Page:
You’ve already seen one way of handling bad guesses: increasing the number of rows used to guess the type of each column.

df2 <- read_csv(readr_example("challenge.csv"), guess_max = 1001)
#> Rows: 2000 Columns: 2
#> ── Column specification ────────────────────────────────────────────────────────
#> Delimiter: ","
#> dbl  (1): x
#> date (1): y
#> ℹ Use `spec()` to retrieve the full column specification for this data.
#> ℹ Specify the column types or set `show_col_types = FALSE` to quiet this message.

Another approach is to manually supply the column specification.

Overriding the defaults

In the previous examples, you may have noticed that readr printed the column specification that it used to parse the file:

#> Parsed with column specification:
#> cols(
#>   x = col_integer(),
#>   y = col_character()
#> )

You can also access it after the fact using spec():

#> cols(
#>   x = col_double(),
#>   y = col_date(format = "")
#> )
#> cols(
#>   x = col_double(),
#>   y = col_date(format = "")
#> )

(This also allows you to access the full column specification if you’re reading a very wide file. By default, readr will only print the specification of the first 20 columns.)

If you want to manually specify the column types, you can start by copying and pasting this code, and then tweaking it fix the parsing problems.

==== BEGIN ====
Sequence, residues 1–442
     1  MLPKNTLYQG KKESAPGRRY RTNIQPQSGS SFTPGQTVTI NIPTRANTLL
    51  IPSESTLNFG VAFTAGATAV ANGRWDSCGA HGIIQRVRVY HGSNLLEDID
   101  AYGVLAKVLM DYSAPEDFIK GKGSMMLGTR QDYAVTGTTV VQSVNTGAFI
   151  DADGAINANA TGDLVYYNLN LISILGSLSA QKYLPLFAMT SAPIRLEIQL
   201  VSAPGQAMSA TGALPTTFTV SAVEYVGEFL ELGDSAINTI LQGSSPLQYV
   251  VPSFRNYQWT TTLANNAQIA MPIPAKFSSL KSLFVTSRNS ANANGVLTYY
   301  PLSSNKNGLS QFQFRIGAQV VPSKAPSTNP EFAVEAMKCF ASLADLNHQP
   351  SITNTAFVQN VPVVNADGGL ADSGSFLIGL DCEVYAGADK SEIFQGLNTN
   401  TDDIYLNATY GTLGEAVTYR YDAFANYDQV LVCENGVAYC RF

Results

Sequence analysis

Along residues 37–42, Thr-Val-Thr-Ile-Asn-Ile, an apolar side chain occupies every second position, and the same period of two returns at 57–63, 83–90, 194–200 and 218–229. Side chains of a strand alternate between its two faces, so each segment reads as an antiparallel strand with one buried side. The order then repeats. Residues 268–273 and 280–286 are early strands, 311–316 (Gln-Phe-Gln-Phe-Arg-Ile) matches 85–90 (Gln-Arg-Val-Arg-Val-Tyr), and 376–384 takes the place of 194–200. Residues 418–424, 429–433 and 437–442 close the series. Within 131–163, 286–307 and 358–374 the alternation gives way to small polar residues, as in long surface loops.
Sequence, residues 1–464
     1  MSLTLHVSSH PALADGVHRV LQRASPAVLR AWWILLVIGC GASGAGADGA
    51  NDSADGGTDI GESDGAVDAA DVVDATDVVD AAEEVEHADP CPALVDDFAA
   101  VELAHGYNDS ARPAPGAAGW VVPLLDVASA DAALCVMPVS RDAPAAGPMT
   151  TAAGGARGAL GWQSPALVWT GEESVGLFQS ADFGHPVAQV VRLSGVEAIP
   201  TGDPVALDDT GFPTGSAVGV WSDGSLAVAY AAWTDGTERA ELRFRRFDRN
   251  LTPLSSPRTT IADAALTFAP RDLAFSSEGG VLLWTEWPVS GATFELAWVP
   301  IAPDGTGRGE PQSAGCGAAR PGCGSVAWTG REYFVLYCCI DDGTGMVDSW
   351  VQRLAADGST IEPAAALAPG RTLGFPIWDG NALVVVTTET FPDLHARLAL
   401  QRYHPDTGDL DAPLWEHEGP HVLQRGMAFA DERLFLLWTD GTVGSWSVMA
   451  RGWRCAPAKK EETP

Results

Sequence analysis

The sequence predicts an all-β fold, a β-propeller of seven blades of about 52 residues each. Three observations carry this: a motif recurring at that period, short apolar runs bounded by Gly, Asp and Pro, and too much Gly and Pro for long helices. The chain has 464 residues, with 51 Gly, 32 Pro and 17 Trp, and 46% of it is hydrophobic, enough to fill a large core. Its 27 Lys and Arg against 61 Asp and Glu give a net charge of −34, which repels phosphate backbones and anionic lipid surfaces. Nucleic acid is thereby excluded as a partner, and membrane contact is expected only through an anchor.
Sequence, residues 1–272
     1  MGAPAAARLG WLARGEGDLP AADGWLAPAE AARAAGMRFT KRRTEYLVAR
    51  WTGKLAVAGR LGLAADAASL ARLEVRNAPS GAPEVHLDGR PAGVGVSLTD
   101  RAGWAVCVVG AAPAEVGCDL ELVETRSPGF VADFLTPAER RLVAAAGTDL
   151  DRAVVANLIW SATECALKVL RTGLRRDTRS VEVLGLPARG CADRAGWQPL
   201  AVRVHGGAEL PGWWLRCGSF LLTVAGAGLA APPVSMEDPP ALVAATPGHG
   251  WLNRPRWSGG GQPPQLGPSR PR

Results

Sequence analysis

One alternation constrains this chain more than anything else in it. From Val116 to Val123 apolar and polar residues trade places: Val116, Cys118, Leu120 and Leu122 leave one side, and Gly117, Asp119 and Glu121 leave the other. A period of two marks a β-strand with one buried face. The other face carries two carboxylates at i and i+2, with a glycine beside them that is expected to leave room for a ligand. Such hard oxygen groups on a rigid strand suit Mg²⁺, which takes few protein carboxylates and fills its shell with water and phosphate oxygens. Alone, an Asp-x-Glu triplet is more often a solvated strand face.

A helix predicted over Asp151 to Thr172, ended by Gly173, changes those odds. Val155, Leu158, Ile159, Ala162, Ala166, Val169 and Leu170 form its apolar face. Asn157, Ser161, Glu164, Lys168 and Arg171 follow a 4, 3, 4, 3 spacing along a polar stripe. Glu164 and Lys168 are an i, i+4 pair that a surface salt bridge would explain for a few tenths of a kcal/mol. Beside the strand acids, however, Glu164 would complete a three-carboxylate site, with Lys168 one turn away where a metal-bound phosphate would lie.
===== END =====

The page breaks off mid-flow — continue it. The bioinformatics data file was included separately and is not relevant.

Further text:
df3 <- read_csv(
  col_types = list(
    x = col_double(),
    y = col_date(format = "")

In general, it’s good practice to supply an explicit column specification. It is more work, but it ensures that you get warnings if the data changes in unexpected ways. To be really strict, you can use stop_for_problems(df3). This will throw an error if there are any parsing problems, forcing you to fix those problems before proceeding with the analysis.

Available column specifications

The available specifications are: (with string abbreviations in brackets)

Use the col_types argument to override the default choices. There are two ways to use it:

Any omitted columns will be parsed automatically, so the previous call will lead to the same result as:

read_csv("iris.csv", col_types = list(
  Species = col_factor(c("setosa", "versicolor", "virginica")))

You can also set a default type that will be used instead of relying on the automatic detection for columns you don’t specify:

read_csv("iris.csv", col_types = list(
  Species = col_factor(c("setosa", "versicolor", "virginica")),
  .default = col_double())

If you only want to read specified columns, use cols_only():

read_csv("iris.csv", col_types = cols_only(
  Species = col_factor(c("setosa", "versicolor", "virginica")))


The output of all these functions is a tibble. Note that characters are never automatically converted to factors (i.e. no more stringsAsFactors = FALSE) and column names are left as is, not munged into valid R identifiers (i.e. there is no check.names = TRUE). Row names are never set.

Attributes store the column specification (spec()) and any parsing problems (problems()).